New Protocol Kills Dead Air for Quantum Communication

The technique can boost transmission rates and improve security

3 min read
Illustration showing qubits and quantum computing

Quantum communication transmission rates have long been limited by the “dead time” inherent to the single-photon detectors used in the field. Now, researchers at LG Electronics in South Korea have unveiled a new protocol that promises to improve transmission rates, as well as heighten transmission security.

The novel protocol, described in a paper published 9 January in the journal Nature,introduces techniques designed to overcome the limitations imposed by the dead time and channel loss of single-photon detectors. Single-photon detectors are crucial elements in quantum secure direct communication (QSDC) for enabling the detection of individual photons without compromising their quantum states, allowing secure communication between parties.

QSDC leverages the unique properties of quantum mechanics to create a secure and direct communication channel between two parties. The key advantage of QSDC is that any attempt to eavesdrop on the quantum communication is detectable, providing a high level of security.

However, the practical implementation of QSDC has been hindered by its restricted transmission rates caused by the dead time of single-photon detectors.

Even the most advanced single-photon detectors, such as the superconducting nanowire single-photon detector, with its minimal dead time, still imposes limitations. This restricts the transmission rate of QSDC, according to Byungkyu Ahn, senior researcher at LG and lead author of the new study.

Two Quantum States Improve Performance

To confront these challenges head on, the research team introduced a new single-photon-based QSDC protocol. This approach leverages two optical degrees of freedom—time state and phase state—to encode information in quantum states. The phase state is used for the quantum bit error rate estimation to determine the existence of an eavesdropper in the quantum channel. The time state is used for two purposes: quantum bit error rate estimation and message transmission.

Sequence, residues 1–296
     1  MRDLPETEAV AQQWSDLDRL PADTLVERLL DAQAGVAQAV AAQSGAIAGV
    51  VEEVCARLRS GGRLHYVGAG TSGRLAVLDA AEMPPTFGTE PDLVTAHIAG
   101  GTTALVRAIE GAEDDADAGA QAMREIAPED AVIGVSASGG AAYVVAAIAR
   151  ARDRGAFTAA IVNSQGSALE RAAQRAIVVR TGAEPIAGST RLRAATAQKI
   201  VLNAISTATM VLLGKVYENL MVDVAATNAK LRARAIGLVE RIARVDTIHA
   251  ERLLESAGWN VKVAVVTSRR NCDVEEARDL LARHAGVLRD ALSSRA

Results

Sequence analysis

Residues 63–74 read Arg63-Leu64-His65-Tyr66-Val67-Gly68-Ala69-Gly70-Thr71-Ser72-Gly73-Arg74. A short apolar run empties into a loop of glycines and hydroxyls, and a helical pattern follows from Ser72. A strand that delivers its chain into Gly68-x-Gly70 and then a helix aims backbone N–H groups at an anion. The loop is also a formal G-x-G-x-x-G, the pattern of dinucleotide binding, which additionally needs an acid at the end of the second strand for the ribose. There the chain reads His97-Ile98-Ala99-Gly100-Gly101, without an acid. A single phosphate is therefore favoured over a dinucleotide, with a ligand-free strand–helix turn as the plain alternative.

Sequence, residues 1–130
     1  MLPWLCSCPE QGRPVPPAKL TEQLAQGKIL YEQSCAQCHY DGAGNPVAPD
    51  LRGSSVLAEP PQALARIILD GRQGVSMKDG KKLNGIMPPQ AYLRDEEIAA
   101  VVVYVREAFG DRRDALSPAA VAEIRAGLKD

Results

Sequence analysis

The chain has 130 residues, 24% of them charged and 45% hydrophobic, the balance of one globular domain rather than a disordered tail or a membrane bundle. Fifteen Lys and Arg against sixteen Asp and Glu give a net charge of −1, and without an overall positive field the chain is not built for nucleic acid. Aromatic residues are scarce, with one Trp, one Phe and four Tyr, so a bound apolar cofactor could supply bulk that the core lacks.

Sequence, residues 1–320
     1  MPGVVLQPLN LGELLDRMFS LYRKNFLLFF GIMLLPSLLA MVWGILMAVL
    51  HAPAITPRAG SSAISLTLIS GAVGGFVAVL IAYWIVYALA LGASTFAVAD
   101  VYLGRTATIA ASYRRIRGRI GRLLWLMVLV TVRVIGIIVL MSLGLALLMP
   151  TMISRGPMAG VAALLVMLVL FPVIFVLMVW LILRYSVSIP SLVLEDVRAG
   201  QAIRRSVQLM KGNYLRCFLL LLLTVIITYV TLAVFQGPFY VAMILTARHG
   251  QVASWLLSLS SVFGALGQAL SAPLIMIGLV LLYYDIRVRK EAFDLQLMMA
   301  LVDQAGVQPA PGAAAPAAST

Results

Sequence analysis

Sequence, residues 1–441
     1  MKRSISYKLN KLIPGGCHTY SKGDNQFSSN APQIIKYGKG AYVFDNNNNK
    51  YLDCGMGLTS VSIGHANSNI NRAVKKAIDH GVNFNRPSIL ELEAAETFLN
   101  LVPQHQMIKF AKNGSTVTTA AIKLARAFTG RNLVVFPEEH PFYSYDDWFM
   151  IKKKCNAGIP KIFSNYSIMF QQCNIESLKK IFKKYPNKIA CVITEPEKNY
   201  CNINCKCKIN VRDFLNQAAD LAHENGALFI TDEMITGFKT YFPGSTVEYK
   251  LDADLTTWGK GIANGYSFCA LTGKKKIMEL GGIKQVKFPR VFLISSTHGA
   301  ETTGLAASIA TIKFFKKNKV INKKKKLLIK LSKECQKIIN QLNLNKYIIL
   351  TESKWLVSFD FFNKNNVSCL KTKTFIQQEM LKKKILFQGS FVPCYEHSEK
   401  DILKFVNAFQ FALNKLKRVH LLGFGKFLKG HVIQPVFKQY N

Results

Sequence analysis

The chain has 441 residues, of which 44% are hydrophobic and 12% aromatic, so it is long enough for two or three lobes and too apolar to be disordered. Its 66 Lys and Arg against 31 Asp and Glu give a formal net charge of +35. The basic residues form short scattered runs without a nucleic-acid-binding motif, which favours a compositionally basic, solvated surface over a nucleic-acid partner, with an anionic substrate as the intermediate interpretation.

Previous protocols employed only one quantum state. While the phase state is characterized by lower measurement efficiency, it is employed in the new protocol solely for eavesdropping detection. The time state is a more efficient quantum state and takes center stage in this protocol for message transmission by utilizing novel encoding techniques based on differential delay-time bins.

The existing QSDC protocol—known as DL04—was limited to transmitting 1 bit of information through the transmission of a single quantum state, according to Ahn. In this DL04 protocol, there is a transmission rate limit caused by the interval required for detection between signals, called the dead time of the detector.

The QSDC protocol proposed by the LG researchers transmits multiple bits of information in a quantum state expressed as a single photon by transmitting multiple bits of information through the transmission of a single quantum state, according to Ahn.

The new protocol does not require processes such as the use of quantum memory, application of a two-way structure, low detection efficiency, and checking for the presence of eavesdroppers like the DL04 protocol. These are all aspects of the DL04 protocol that reduce transmission efficiency.

“The results indicate a substantial improvement in both security and transmission rates, positioning our protocol as a promising advancement in quantum communication.”
—Byungkyu Ahn, LG Electronics

“Through our proposed protocol, we aim to minimize measurement loss during the transmission of quantum information, paving the way for significantly enhanced transmission rates,” noted Ahn.

The researchers put the proposed protocol under rigorous security analysis against various potential attacks. Through simulations, the researchers verified that the transmission rate improved significantlycompared to DL04 QSDC, highlighting the protocol’s potential to offer better security and higher transmission rates.

“Our study not only proposes a novel protocol but also puts it to the test through thorough security analysis and simulations,” says Ahn. “The results indicate a substantial improvement in both security and transmission rates, positioning our protocol as a promising advancement in quantum communication.”

While the researchers acknowledge that their protocol is an extension of the existing DL04 rather than a complete alternative, it introduces a groundbreaking approach to overcome the limitations of the DL04. “It represents a natural progression in the quest for improved quantum-communication methods,” explains Ahn.

“Our protocol doesn’t eliminate the dead time of detectors but ingeniously works around it,” adds Ahn. “Instead of transmitting just 1 bit of information per quantum state, we’ve demonstrated the ability to securely transmit multiple bits, significantly increasing the transmission rate even within the limitations imposed by detector dead time.”

By using the phase state and time state encoding technique they have developed, the LG researchers believe they have struck upon a promising approach for enhancing the efficiency and security of data transmission in practical communication environments, such as in wireless channels where environmental turbulence can disrupt communications.

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